Brown bids to slash housing benefit costs

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GORDON Brown is bouncing ministers into taking early action on housing benefit, using this week's Green Paper on welfare reform as the trigger for an early decision.

References to housing benefit in Thursday's welfare reform paper will be "few and far between", The Independent was told yesterday. The paper does not even begin to tackle the principles of changing the system of rent and mortgage interest benefit, now costing the taxpayer pounds 12bn a year.

But the Chancellor of the Exchequer is set to drive through his own strategic action plan on welfare. "We want opportunity for all those who have been denied it, and security for all those who need it," Mr Brown said yesterday, providing new Labour's version of Karl Marx's, "From each according to his abilities, to each according to his needs."

The Green Paper will set out the principles of reform, but Mr Brown sees himself as the man to put flesh - the practical policy - on the bones. On the future up-rating of state pensions, nothing can be done until a review has been completed next June. Then, in July, Whitehall's comprehensive spending review is expected to report - along with a review of housing policy, led by John Prescott's Department of the Environment, Transport and the Regions.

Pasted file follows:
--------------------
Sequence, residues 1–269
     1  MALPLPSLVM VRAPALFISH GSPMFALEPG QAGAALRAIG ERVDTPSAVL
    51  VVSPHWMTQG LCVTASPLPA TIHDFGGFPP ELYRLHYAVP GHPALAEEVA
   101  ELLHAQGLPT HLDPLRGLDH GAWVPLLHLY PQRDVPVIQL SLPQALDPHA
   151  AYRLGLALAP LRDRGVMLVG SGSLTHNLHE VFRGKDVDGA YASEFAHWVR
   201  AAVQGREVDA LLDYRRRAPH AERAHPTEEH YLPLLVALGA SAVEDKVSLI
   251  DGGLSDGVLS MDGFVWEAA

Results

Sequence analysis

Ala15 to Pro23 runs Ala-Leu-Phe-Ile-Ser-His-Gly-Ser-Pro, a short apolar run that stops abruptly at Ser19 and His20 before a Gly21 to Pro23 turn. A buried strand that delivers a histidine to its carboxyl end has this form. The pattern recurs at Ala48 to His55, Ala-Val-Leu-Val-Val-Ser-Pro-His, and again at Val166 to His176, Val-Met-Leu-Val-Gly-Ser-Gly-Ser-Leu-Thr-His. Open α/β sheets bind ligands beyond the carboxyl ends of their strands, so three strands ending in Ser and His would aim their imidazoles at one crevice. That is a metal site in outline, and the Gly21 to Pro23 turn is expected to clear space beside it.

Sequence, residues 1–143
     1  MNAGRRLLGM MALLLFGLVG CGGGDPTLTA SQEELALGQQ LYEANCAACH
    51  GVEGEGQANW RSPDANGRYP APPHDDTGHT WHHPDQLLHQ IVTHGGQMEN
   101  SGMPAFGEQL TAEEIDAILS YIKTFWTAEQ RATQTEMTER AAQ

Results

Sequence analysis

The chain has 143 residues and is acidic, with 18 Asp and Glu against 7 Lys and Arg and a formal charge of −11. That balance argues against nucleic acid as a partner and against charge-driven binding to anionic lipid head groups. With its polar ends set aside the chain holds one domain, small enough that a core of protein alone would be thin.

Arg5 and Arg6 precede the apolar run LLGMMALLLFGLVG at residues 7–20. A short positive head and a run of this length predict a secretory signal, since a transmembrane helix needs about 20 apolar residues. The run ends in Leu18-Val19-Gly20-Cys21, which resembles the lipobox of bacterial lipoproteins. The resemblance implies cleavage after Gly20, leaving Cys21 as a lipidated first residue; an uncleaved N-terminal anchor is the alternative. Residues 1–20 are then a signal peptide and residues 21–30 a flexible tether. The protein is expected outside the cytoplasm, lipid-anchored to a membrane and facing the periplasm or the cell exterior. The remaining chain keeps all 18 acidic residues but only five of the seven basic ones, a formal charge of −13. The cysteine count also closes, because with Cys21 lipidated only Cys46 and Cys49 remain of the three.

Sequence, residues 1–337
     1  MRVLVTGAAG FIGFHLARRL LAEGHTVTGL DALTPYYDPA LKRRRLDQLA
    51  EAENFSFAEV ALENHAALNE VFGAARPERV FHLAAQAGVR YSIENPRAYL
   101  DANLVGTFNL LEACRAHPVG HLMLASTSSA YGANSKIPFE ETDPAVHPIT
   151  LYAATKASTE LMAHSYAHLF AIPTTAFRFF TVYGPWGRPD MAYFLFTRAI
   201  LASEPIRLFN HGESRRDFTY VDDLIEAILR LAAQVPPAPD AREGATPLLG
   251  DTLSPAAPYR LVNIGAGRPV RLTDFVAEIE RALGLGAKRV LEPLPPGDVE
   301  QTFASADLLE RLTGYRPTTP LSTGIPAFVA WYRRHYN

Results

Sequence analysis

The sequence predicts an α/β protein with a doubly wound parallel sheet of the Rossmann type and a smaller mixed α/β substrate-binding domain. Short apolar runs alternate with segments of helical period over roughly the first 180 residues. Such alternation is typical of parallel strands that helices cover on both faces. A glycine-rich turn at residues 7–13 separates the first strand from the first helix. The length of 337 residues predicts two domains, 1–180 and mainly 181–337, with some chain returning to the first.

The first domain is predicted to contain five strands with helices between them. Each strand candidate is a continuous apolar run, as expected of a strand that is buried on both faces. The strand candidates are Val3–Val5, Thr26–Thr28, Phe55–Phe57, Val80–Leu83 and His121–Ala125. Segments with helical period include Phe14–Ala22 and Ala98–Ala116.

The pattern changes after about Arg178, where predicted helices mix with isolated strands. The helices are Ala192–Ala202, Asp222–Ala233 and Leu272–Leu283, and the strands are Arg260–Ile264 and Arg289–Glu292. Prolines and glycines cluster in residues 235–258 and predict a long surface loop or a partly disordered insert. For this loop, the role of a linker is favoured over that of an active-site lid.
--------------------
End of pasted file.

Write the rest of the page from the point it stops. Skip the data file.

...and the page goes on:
That will provide Mr Brown with an opportunity to strike on housing benefit, and he has now

started to soften up colleagues for action, in time for next year's Budget.

It is expected that one of the few references to housing benefit in Thursday's Green Paper will be on fraud and abuse, an issue of long-standing concern for Frank Field, the minister for welfare reform, who has been working on the policy document.

Mr Brown said yesterday that "abuse and fraud in benefits, particularly in housing benefit", would be a target of the paper. Overall, fraud and abuse is estimated at pounds 4bn out of a total benefits bill of pounds 100bn, and between pounds 1bn and pounds 2bn could be accounted for by housing benefit.

But the central issue of reform is fraught with enormous difficulties - and people would be bound to lose out. Losers, often the most vulnerable people in society, tend to create unexpected political waves and backlash. The elderly, lone parents, and the long-term sick and disabled account for three-quarters of all recipients of the benefit.

But Mr Brown showed in last week's Budget that he was not afraid of grasping nettles - as with the working families tax credit. It could be possible, over time, to incorporate housing benefit and council-tax benefit into the tax-credit system, now due to take effect in April 2000.

Outlining his own masterplan for welfare reform, Mr Brown made it clear yesterday that the Green Paper would offer security for all those in need, such as the disabled.

"I have always seen welfare reform in three stages," he told BBC1's On the Record programme, "and the first stage was to get those people who are able to work back to work and provide opportunity to do so. ...

"The second thing, which is what we've done in our Budget, is to make work pay. There's no point transferring people from poverty out of work to poverty in work, and we have made a big difference to that and of course the minimum wage and raising child benefit is part of that as well.

"Now, the third part of the welfare reform strategy is to help those ... if they are incapable of working."